Wednesday, September 30, 2009

religious life won't be the same after downturn

AP | Organized religion was already in trouble before the fall of 2008. Denominations were stagnating or shrinking, and congregations across faith groups were fretting about their finances.

The Great Recession made things worse.

It's further drained the financial resources of many congregations, seminaries and religious day schools. Some congregations have disappeared and schools have been closed. In areas hit hardest by the recession, worshippers have moved away to find jobs, leaving those who remain to minister to communities struggling with rising home foreclosures, unemployment and uncertainty.

Religion has a long history of drawing hope out of suffering, but there's little good news emerging from the recession. Long after the economy improves, the changes made today will have a profound effect on how people practice their faith, where they turn for help in times of stress and how they pass their beliefs to their children.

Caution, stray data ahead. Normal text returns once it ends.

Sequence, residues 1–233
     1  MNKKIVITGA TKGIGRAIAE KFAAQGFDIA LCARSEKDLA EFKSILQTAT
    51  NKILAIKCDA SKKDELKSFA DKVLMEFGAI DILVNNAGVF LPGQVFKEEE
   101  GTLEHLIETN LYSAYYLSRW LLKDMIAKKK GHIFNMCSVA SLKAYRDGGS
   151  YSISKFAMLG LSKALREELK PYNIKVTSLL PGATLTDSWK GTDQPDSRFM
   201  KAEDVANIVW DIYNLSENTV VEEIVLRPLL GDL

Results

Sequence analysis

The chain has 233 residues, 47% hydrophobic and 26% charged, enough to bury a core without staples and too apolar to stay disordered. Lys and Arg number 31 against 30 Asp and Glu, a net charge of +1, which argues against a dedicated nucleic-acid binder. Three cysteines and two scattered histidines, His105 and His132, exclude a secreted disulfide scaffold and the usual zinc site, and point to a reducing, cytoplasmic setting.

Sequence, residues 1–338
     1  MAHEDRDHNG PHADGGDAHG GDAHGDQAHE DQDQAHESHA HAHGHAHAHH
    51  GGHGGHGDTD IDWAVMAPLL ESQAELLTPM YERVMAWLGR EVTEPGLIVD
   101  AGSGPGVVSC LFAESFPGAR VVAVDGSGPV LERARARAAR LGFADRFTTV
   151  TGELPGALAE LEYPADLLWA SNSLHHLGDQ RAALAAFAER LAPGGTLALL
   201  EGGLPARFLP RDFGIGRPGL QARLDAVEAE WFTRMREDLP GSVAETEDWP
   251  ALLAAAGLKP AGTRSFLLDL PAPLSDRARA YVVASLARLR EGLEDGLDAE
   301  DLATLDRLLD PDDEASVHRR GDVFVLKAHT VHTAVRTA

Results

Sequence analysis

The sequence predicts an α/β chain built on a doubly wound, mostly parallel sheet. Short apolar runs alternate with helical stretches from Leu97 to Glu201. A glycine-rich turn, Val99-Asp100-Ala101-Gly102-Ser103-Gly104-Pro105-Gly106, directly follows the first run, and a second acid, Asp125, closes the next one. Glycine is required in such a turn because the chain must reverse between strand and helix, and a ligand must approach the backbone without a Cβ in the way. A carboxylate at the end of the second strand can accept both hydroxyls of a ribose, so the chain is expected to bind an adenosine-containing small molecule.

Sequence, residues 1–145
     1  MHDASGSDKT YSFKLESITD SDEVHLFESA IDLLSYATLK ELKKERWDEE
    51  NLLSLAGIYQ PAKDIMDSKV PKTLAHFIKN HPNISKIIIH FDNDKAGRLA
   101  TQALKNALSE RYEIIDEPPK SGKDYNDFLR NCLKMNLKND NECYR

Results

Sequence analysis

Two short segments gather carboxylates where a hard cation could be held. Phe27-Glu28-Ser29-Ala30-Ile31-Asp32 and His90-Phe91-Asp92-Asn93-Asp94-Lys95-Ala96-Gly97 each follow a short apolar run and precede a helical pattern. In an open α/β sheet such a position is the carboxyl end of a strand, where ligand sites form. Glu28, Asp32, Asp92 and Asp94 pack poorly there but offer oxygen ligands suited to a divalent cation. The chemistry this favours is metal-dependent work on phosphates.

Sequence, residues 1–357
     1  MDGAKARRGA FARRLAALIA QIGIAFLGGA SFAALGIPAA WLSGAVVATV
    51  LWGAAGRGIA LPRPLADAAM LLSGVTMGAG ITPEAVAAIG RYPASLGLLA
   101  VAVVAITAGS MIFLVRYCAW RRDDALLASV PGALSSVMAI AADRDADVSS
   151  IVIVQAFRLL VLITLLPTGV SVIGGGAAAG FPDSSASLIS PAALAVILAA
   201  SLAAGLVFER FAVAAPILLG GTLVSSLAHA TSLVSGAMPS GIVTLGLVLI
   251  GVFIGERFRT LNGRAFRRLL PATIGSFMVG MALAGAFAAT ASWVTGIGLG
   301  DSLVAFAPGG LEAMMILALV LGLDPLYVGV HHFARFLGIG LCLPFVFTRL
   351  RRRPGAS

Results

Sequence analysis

"In 2010, I think we're going to see 10 or 15 percent of congregations saying they're in serious financial trouble," says David Roozen, a lead researcher for the Faith Communities Today multi-faith survey, which measures congregational health annually. "With around 320,000 or 350,000 congregations, that's a hell of a lot of them."

The sense of community that holds together religious groups is broken when large numbers of people move to find work or if a ministry is forced to close.

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